A volunteer advisory committee had recommended that 17 parcels of the former Ft. King Ranch be added to a list of conservation lands worthy of purchase by Pasco County.
But, the Pasco County Commission balked at the potentially pricey cost of buying nearly 3,600 acres, and voted against the committee’s wishes.
The property, owned by the limited liability partnership of Secret Promise, is situated off State Road 52, near the Ehren Cutoff. It stretches from the northern boundary of Cypress Creek to the Crossbar Wellfield, near Bellamy Brothers Boulevard.
“That’s a very, very large purchase,” said Pasco County Commissioner Mike Moore. “It could crush future projects. It’s almost to the point if we add this, we can’t add anything else.”
Currently, the county’s ELAMP, or Environmental Lands Acquisition and Management Program, has nine properties under review for purchase. The program’s budget has a balance of about $27 million from the Penny for Pasco program.
The total value of land and buildings for the 17 parcels adds up to about $14.3 million, according to the Pasco County Property Appraiser’s valuations.
The county has more pressing needs than buying land of which only 20 percent is environmentally sensitive, said Pasco County Commissioner Ron Oakley.
“I would rather see that money go to properties in other parts of our county that actually helps flooded areas, and helps a lot of citizens,” he said.
The late Dr. Crayton Pruitt, a noted heart surgeon from St. Petersburg bought the property in 1997 for about $3.1 million.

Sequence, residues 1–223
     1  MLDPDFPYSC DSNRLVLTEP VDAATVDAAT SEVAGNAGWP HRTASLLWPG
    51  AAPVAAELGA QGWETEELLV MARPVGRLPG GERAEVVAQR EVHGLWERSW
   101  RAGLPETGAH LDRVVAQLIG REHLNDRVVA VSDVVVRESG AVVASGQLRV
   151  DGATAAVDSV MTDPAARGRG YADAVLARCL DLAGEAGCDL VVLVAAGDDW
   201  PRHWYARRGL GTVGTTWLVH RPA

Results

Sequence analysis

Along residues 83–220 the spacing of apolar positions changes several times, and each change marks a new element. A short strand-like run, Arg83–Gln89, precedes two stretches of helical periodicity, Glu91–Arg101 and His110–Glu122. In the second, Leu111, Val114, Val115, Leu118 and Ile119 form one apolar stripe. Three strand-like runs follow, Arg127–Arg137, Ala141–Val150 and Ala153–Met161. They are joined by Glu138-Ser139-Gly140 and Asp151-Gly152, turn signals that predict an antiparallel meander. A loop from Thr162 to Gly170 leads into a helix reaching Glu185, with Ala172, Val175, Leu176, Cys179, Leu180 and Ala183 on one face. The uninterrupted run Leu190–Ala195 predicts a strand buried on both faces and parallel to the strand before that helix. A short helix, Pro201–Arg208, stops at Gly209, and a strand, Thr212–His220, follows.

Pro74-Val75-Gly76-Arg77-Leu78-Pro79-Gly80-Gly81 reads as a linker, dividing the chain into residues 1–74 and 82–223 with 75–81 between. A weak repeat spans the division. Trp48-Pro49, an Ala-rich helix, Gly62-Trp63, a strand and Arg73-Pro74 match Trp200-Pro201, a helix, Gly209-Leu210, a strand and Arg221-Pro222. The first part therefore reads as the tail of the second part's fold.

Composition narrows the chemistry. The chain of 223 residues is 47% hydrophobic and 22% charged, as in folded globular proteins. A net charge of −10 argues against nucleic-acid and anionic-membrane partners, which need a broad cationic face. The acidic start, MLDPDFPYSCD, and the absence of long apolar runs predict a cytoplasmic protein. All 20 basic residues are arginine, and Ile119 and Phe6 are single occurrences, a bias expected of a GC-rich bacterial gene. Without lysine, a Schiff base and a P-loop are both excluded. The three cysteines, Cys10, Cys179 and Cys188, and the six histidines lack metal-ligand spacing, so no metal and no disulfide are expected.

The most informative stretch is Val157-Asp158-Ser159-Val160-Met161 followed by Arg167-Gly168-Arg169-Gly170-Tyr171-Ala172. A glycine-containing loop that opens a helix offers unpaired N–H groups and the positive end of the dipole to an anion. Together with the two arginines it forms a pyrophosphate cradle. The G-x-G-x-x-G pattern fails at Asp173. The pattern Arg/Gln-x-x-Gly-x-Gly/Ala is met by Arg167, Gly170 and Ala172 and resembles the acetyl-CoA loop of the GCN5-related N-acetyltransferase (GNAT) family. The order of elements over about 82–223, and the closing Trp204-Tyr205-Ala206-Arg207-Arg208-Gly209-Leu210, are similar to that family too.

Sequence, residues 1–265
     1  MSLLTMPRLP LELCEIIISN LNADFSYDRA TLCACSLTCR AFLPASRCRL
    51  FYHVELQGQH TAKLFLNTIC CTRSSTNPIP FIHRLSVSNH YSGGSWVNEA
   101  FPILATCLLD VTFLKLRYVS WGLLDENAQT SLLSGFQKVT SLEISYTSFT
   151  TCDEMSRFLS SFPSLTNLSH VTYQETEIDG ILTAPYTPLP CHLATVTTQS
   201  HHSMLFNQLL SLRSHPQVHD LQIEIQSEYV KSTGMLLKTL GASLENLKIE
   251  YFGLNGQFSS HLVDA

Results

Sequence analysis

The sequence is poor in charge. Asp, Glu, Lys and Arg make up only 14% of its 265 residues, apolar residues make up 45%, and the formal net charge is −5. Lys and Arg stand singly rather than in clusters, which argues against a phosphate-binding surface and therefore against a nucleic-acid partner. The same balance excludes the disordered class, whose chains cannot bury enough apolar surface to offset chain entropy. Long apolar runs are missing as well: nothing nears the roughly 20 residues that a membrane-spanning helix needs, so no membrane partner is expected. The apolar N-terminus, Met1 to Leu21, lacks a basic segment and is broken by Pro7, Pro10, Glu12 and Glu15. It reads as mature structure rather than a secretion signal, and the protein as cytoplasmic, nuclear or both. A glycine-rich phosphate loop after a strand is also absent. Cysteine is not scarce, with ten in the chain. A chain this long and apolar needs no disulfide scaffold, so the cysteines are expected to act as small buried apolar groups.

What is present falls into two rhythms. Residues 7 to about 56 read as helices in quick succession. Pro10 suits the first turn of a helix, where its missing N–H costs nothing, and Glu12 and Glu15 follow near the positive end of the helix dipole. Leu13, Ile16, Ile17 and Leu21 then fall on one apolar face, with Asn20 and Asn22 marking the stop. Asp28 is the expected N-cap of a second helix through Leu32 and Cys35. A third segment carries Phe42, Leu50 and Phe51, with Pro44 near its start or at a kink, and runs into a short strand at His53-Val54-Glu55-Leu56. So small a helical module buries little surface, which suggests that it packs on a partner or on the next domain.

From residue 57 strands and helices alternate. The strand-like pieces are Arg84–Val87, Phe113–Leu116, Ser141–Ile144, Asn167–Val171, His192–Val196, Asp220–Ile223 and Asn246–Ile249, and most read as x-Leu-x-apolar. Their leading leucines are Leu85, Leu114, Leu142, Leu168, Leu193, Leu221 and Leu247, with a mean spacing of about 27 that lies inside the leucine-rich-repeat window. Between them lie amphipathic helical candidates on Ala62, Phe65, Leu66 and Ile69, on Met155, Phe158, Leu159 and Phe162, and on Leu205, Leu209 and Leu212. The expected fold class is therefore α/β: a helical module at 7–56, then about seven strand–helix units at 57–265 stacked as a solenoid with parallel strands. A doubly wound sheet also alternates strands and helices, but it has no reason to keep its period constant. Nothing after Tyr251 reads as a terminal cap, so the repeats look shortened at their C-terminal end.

Peter Wallace, registered agent for Secret Promise, made an offer to sell the land to the county.
The 11-member advisory committee took up the matter last summer and requested an evaluation of the property.
Committee members in November voted to recommend its placement on the ELAMP list, and for a negotiated deal to buy part or all of the property.
The county would be able to buy the land outright or buy only the development rights.
The site meets the definition of agricultural reserve land, and includes pastures, wetlands, pine flatwoods, freshwater marshes, and wildlife habitats.
On a graded scale, it earned 52 out of 80 points, according to the evaluation report.
Moore pressed for an opinion from Keith Wiley, the county’s interim director for parks, recreation and natural resources department.
“I always maintain my neutrality,” Wiley said. But, he added, “At the least, it’s one of our lower priorities.”
Years ago, the land was re-zoned for future development of single-family homes and retail, with about 2,000 acres left as open space.
Currently, there are three small houses on site, as well as a working cattle barn and two workshops.
Florida Estates Winery also is located on site.
Pasco County Commissioner Kathryn Starkey wondered if the winery owners would want to remain. She also had concerns about the county’s future plans to build a road through the property.
“I want to be real cognizant of the road system,” she said.
If the property were put on the county’s waiting list, Starkey said that didn’t mean the county had to purchase it.
“The devil is in the details of the deal,” she said.
After the vote to keep Secret Promise off the list, Oakley left the door open for reconsideration.
He asked Wiley to come back with new information, if it puts the land higher on the ranking scale.
Published January 31, 2018